Kristen Wiig is Annie Walker, an emotionally damaged woman who is asked to be the maid of honor for her best friend Lillian, played by Maya Rudolph. Because of this rush of joie de vivre and extensive pampering in Lillian's life, Annie has to organize the perfect pre-wedding itinerary with her newly forced-upon friends sharing bridesmaids duty. Of course one of the bridesmaids is a wannabe Queen bee who hinders everything she does, further wrecking Annie's struggle to rise from the bottom of her modern life. But as the film showcases, it is Annie herself who is purposely destroying everything she still holds on to.

Wiig is definitely one of the biggest reasons why this film can't work for some. Her television work on SNL has produced massive irritation and derision for many and the fact that sitting through a film with her, and created as co-writing it, is considered a war crime in itself. Maybe it is because I've avoid the general mediocrity of wit that plagues late Saturday nights but I believe that Kristen Wiig is a bonafide star in entertainment. She has already proven herself in several other films, including the surprisingly good PAUL, but in BRIDESMAIDS she is willing to be a horrendous human being for shocks and laughs. She very greatly succeeds in it, able to squeeze many different emotions from the viewer, whether he or she really wants it or not. Unlike the atrocious romantic comedies with Jennifer Lopez and Katherine Heigl at the helm, you can very easily understand why Annie's plight in personal and professional happiness is in disrepair and why the people who love her can't always handle with it. The character and the performance reminds me of Jennifer Aniston in FRIENDS WITH MONEY, an actress I hate that was also able to go beyond the normal tropes of self-inflicted human misery.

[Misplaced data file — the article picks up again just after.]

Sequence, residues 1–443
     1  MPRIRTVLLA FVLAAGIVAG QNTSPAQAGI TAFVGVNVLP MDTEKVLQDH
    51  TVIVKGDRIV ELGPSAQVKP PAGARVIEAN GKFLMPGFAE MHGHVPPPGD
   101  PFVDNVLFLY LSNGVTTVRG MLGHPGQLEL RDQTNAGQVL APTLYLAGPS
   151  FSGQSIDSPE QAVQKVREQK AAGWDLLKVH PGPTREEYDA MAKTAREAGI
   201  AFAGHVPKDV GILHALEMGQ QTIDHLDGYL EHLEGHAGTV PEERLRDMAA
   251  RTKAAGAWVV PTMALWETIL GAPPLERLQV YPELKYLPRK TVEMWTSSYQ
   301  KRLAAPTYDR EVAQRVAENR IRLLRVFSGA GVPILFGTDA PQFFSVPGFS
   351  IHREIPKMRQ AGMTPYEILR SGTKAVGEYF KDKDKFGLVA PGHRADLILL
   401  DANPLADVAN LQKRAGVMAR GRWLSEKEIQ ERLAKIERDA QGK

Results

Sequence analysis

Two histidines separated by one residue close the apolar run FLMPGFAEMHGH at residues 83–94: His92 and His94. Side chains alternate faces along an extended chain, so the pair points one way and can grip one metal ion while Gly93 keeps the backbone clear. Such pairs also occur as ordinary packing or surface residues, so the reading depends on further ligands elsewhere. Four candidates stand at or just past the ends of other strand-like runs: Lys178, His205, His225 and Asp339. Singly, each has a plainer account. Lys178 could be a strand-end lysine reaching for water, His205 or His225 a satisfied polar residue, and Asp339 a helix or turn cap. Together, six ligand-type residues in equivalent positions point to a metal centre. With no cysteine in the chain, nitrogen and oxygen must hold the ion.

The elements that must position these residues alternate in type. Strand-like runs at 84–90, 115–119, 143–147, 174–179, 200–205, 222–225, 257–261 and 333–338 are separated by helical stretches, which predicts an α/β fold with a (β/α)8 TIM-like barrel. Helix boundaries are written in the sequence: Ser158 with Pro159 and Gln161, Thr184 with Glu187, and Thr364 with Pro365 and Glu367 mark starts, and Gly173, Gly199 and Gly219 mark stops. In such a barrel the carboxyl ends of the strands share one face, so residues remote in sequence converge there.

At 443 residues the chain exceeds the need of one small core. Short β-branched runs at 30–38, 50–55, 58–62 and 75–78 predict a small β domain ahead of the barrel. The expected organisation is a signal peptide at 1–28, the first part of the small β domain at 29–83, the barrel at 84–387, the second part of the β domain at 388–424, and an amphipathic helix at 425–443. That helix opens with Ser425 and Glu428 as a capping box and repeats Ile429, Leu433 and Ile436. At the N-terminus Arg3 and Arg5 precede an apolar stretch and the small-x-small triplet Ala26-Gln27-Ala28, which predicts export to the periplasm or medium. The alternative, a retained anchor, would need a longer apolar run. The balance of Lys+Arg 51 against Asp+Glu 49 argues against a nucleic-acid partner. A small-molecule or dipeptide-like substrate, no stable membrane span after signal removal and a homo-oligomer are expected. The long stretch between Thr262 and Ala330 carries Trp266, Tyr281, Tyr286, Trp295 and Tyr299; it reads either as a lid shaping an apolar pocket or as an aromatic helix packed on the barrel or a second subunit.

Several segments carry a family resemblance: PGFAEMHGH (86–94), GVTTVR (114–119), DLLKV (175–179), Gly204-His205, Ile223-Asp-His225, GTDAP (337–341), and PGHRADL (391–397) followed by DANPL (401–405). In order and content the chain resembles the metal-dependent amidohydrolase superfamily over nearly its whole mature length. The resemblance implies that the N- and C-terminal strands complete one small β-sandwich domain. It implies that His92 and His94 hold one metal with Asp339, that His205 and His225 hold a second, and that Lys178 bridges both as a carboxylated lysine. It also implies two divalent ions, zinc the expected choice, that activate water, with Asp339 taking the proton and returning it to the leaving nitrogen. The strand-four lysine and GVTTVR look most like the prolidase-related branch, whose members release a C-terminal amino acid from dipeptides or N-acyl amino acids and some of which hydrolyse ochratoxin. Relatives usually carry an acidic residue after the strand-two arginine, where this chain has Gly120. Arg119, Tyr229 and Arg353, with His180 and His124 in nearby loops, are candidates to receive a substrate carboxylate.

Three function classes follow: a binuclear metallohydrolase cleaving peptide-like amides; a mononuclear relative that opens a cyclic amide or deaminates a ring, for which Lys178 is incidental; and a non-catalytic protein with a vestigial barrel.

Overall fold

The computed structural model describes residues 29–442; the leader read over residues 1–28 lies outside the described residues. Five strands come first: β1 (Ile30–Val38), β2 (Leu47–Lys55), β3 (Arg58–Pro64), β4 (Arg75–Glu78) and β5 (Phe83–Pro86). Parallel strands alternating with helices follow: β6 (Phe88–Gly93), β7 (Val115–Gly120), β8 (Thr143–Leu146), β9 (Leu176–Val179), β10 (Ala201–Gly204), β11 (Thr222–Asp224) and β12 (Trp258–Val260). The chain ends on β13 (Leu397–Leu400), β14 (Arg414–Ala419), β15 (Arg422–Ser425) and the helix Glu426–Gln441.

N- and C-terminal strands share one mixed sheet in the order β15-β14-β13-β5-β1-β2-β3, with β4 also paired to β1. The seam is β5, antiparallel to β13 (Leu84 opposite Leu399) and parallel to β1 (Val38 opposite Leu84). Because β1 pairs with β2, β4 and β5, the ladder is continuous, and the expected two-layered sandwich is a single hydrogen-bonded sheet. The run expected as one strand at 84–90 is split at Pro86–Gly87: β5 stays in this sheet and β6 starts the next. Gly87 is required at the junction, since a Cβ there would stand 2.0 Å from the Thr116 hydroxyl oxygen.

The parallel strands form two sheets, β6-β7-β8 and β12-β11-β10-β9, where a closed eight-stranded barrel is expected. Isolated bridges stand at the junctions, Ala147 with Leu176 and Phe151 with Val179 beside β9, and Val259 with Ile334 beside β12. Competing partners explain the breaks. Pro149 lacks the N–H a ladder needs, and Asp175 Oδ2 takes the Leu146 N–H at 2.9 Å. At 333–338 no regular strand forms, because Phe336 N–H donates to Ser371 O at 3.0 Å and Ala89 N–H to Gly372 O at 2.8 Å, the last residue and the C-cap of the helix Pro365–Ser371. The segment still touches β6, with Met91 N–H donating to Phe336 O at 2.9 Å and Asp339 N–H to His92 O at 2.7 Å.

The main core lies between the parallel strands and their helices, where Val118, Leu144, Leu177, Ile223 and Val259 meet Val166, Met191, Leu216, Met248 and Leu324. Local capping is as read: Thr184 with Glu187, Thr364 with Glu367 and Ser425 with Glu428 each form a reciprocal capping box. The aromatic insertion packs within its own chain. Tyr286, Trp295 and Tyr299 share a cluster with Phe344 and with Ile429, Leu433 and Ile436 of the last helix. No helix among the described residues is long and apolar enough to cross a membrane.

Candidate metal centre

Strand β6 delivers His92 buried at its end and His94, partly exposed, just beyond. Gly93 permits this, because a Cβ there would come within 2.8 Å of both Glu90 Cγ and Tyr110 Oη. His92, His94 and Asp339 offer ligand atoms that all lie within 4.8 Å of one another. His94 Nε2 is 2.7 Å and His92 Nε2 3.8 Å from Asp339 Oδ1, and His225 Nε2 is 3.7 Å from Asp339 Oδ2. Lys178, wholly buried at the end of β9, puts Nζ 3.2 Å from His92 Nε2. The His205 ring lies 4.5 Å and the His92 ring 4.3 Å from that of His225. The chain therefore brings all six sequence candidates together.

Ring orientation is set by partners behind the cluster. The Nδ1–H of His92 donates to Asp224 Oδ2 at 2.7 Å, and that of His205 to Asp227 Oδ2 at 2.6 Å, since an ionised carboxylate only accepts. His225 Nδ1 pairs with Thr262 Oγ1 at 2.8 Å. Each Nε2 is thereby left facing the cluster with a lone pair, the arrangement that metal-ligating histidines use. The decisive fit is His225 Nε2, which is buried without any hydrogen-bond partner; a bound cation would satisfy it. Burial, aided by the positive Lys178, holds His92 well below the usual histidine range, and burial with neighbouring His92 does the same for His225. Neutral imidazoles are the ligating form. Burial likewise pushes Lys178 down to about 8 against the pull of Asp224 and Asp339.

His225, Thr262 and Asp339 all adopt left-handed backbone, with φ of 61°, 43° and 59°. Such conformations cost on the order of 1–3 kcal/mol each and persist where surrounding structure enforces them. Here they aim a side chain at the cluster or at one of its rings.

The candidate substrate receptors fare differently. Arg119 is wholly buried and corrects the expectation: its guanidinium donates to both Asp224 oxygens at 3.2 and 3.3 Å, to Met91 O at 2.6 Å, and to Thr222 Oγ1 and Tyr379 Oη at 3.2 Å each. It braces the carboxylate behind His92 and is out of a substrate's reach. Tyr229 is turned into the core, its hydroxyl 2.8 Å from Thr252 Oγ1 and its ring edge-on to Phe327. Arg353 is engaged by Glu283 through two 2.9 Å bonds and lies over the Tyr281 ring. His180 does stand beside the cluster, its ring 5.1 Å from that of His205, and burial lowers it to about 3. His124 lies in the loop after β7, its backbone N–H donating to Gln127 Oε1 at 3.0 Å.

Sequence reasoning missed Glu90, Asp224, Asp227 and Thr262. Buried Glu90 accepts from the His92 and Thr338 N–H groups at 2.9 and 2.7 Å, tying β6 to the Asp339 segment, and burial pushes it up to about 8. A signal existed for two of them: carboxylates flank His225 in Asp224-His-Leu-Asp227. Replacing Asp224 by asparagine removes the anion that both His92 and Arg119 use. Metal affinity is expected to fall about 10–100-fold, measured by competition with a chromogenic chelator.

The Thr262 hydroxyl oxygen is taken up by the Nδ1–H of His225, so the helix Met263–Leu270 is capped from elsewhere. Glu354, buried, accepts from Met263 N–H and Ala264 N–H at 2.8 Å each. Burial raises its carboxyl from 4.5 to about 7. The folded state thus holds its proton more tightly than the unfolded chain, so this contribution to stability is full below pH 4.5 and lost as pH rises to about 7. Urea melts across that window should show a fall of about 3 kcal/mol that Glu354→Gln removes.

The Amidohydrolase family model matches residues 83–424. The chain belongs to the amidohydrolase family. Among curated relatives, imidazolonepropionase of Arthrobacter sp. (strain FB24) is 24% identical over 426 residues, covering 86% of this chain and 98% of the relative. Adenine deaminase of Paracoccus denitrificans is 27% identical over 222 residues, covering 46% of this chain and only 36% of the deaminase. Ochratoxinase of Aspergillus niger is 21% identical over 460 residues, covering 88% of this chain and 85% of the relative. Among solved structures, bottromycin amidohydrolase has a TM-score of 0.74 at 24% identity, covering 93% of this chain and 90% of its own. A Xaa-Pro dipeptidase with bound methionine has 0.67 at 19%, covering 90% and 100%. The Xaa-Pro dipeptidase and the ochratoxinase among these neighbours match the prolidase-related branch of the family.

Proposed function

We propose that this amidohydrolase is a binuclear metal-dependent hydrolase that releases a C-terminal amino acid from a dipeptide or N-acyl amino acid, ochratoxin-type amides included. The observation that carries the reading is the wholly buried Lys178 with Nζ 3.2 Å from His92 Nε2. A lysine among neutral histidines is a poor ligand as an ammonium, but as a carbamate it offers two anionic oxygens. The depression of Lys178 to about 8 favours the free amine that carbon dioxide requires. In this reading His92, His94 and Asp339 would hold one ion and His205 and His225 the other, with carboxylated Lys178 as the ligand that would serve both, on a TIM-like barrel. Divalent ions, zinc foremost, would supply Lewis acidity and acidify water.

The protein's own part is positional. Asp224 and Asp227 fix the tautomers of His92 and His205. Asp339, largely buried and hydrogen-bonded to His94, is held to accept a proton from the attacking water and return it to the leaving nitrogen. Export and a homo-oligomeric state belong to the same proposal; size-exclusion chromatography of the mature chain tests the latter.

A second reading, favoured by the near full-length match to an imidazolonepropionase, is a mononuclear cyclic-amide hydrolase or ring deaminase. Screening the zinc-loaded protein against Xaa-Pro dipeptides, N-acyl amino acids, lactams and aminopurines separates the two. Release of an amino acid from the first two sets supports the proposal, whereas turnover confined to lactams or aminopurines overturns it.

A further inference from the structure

The fight between Annie and the uber-rich bridesmaid Helen, played by Rose Byrne, for Lillian's affections is easy to see as a social divisional warfare but the film thankfully makes this brawl so outlandish and campy that it borderlines on surrealism. What starts off with a "friendly" tennis match and the choice of the gowns later turns into a massive party with multiple modes of transport simply to the front door and puppies given as party favors. The film does use the continuing struggles of normal American citizens to characterize Annie, since her beloved cake business was destroyed by the recession, but it also wants to lampoon the Hollywoodization of the rich life. This fits perfectly with sweet and sour nature of the film, complete with its raunchy and crude jokes to its tender vulnerable moments.

I have focused so heavily on the centerpieces that I neglected the rest of the cake. The supporting performers are all very good despite the often little attention they are given. However, one of the biggest highlights and scene-stealers is Melissa McCarthy as Megan, the sister of the groom. What would just be the fat girl with the fat gags is actually a true American badass woman with some of best running jokes. The script is, as stated, very funny and is able to stay original despite the predictability that was and is expected from the movie. Although, also stated previously, the many scenes of Annie's horrible life do get repetitive; Subplots involving her British roommates and her new job are more embarrassing than humorous. Though I enjoyed all of it, the film could have been cut down significantly as it is overstuffed. An early scene with Annie and Helen toasting the couple is a true test strip for the patience of the viewer and might ruin the rest of the enjoyment.